According to recommendations regarding healthy eating as well as the dietary treatment of several wide-spread diseases (such as diabetes, insulin resistance, high blood fat levels or reflux), it is important to have a meal 5 times a day. Of these, it is perhaps the morning meal that has special significance on account of the effect it has on our metabolic processes. Research has conclusively shown that if we can make breakfast part of our daily routine, it will lead to a better balanced daily energy intake, a lower risk of getting overweight or an easier way to get rid of excess weight.
The inclusion of breakfast in the 5 or 6 meals taken during the day will increase the base metabolic rate and thus contribute to losing excess weight. A well- combined breakfast provides the body with essential nutrients as well as energy after being starved during the night, which can increase work efficiency and prevent headaches, constipation or nibbling throughout the day.
If you make a point of having a proper breakfast (especially if you failed to do so before), you may easily experience that you actually get hungrier during the day. This, however, should not scare you off. Feeling hungry after a well- composed breakfast is just a sign that you are taking notice of your body’s needs, and are more motivated to include the remaining 4-5 meals in your day, so you will not feel compelled to empty the fridge when you get home as hungry as a wolf in the evening.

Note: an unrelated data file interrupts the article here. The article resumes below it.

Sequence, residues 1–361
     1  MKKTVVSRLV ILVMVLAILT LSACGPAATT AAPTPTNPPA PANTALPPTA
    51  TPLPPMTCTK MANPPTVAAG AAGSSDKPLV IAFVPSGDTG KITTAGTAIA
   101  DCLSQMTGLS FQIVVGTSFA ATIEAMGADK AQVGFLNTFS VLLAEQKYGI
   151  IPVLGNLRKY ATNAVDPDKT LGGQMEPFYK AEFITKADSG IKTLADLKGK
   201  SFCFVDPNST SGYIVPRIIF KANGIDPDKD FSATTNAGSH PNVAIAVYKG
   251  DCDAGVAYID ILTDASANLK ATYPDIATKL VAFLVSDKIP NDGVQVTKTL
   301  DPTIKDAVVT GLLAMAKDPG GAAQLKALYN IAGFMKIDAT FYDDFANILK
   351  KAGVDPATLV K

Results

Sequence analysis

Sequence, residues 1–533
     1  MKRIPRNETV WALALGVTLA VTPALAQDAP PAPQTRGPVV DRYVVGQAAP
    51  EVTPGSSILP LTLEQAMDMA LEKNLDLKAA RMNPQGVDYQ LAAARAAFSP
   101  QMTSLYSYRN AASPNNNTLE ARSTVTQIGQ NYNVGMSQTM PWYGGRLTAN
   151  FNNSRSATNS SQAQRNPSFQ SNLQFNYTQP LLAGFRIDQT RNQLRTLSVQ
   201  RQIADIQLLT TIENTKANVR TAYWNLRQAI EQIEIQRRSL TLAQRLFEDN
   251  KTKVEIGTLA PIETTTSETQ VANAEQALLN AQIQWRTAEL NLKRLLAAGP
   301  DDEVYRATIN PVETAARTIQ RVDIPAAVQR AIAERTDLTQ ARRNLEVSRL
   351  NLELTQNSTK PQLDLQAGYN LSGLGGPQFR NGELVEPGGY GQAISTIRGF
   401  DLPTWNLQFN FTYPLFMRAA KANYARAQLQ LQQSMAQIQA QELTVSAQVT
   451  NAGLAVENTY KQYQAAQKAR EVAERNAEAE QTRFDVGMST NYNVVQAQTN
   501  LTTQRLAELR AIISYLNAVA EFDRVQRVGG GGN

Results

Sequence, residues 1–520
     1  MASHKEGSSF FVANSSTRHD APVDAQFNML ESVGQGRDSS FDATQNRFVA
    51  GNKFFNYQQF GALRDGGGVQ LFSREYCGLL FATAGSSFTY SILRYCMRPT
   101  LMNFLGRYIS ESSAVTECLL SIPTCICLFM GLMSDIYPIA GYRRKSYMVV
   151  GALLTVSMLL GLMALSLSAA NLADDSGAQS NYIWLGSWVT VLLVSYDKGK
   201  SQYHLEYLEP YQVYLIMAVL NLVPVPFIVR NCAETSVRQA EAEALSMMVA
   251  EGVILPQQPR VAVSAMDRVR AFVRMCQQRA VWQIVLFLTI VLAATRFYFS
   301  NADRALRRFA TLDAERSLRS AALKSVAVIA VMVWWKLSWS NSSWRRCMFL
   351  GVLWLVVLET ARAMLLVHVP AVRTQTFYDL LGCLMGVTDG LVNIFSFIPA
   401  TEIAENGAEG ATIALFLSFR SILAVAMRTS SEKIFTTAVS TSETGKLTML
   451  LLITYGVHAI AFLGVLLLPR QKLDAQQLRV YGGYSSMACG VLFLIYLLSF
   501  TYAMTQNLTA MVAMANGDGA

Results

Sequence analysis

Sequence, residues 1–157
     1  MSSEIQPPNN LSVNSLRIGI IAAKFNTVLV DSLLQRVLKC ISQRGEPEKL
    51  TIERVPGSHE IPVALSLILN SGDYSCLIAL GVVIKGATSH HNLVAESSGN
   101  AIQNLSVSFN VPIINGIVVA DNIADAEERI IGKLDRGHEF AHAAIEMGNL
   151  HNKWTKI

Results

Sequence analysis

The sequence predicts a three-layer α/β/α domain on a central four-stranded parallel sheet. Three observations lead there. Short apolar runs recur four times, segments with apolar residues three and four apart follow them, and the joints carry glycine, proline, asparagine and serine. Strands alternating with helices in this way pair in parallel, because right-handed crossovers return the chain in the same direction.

The most common reason people give for skipping breakfast is being pressed for time and the fact that if they have a proper breakfast meal, they actually feel hungrier during the whole day. Some of those who do include breakfast in their diet as part of a switch to a healthier daily routine complain about getting bored with sandwiches and the lack of variety in how they can prepare their morning meals.
Responders in surveys on dietary habits and conditions often name coffee or café latte as their breakfast meal. In fact, you may well ask whether this can be called breakfast at all. Coffee in itself has hardly any energy content, not to speak of the fact that the frequent ingestion of plain coffee may contribute to the development of stomach ulcer. Enriching our coffee with milk and sugar does increase its energy content but it is still far from being an ideal meal, missing essential sources of nourishment.
What should be included in the ideal breakfast?
Breakfast should cover about 20-25% of our daily energy intake. Taking an average daily total of 2000 kcal, this would mean 400-500 kcal. It is important that our breakfast contain liquid to replace the perspiration during the night. The best form of liquid replacement is plain water.
Breakfast should include fibers, too, which help ensure a balanced energy level and have a regular stool. Fibers can be obtained from whole meal grains, vegetables and fruits.
To help the healthy functioning of physiological processes and increase the feeling of fullness, make a pint of consuming proteins (cheese, cottage cheese, eggs, fish, meat, oily seeds and dry legumes) as well as good quality fats (cold pressed oils) for breakfast.
Ideas for an easily prepared breakfast
- oat, barley or spelt porridge with cinnamon, cold pressed oils (chia or poppy seed, apricot seed, walnut, almond), cottage cheese
- Mexican omelet
- muffin with cheese and dried tomatoes
- cottage cheese pancake from wholemeal (or tigernut)
- sorrel- cheese cream with wholemeal waffle
- avocado-lentil salade
- chia pudding